“Of the €10.1bln of loans that matured this year, a strong 49% repaid, mainly on the back of payments from some big-ticket loans like Coeur Defense and More London.
“However, the key spill over into CMBS has been in the form of faster resolutions of defaulted loans. In 2014, loans worth €1.2bln moved into special servicing mainly due to defaults at maturity while loans worth nearly €4.8bln were worked out. This is the first time in almost four years that loan resolutions have outpaced new defaults.
“Looking ahead, 2015 is light on the loan maturity front with only €3.5bln of loans coming due. Thus we think that the rolls into special servicing are likely to slow down further next year, but the existing inventory of NPLs should keep special servicers busy.”
There is currently €66bn in outstanding European CMBS, of which €42bn is sterling-denominated and €24bn is euro-denominated, down from an aggregate of €136bn in 2009, according to BAML.
“There is roughly €8bn of loans that are overdue in outstanding European CMBS transactions, the remnants of around €55bn of legacy CMBS loans that came due between 2011 and 2014,” added BAML’s Nichol.
“These overdue loans are in transactions whose legal final maturities mostly fall between 2016 and 2020. As such, we expect these overdue loans to be worked out, liquidated or repaid over the next two to five years.”
Gauging the ECB’s appetite as an ABS investor
At the macro level, the elephant in the room for ABS markets in 2015 is the uncertainty over the scale of the ECB’s investment appetite in European CMBS.
The measure is intended to pump liquidity into the Eurozone market in an effort to stave off a deflationary spiral.
“Trepidation sets in when considering the rationale for the ECB’s involvement in the securitisation markets,” writes JP Morgan’s Gareth Davies, Flavio Marco Rusconi and Suraj Dey.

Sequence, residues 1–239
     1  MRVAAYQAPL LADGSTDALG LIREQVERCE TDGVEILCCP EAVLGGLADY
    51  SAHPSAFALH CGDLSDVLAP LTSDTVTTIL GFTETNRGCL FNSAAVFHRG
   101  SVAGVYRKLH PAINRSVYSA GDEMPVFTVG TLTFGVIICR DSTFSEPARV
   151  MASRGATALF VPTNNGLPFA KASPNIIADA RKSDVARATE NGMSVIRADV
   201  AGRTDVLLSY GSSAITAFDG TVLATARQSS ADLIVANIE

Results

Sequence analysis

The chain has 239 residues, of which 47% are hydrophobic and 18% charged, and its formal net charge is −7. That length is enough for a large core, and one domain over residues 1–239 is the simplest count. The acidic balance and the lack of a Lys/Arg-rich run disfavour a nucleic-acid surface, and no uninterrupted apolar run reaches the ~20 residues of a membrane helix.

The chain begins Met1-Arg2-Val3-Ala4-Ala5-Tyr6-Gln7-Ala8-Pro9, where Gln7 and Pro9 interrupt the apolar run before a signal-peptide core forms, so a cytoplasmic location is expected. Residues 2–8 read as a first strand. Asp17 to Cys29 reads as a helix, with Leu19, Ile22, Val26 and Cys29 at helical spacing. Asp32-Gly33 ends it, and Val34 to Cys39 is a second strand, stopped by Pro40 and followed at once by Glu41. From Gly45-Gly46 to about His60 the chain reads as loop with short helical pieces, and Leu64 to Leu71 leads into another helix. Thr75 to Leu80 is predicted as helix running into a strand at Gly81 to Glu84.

“Rather than being primarily concerned about the dislocation of securitisation per se, we characterise the ECB’s willingness to engage with securitised bonds as being symptomatic of a broader private sector Quantitative Easing (QE) programme.”
BarCap was equally sceptical, calling the ECB intervention “too little too late”. BarCap’s Christian Aufsatz wrote: “The focus on senior bonds reduces securitisation to its funding function; yet regulators failed to create a level playing field compared with other asset classes.
“We continue to be concerned that regulatory initiatives will make the use of ABS as a capital management (and deleveraging) tool – and, hence, an instrument to reduce the real economy’s dependence on bank funding – economically unviable.”
The investor universe for CMBS continues to face regulatory headwinds which could ultimately reduce appetite over time driven by an increase in the allocated capital required for investment, warns JPMorgan.
JPMorgan added: “Insurance investors are notably challenged by the adoption of final Solvency II rules, while bank investors await the final determination of the Basel Committee. Accounting for two-thirds of the asset class’s investors, we expect regulatory revisions to continue to retard investor engagement levels.”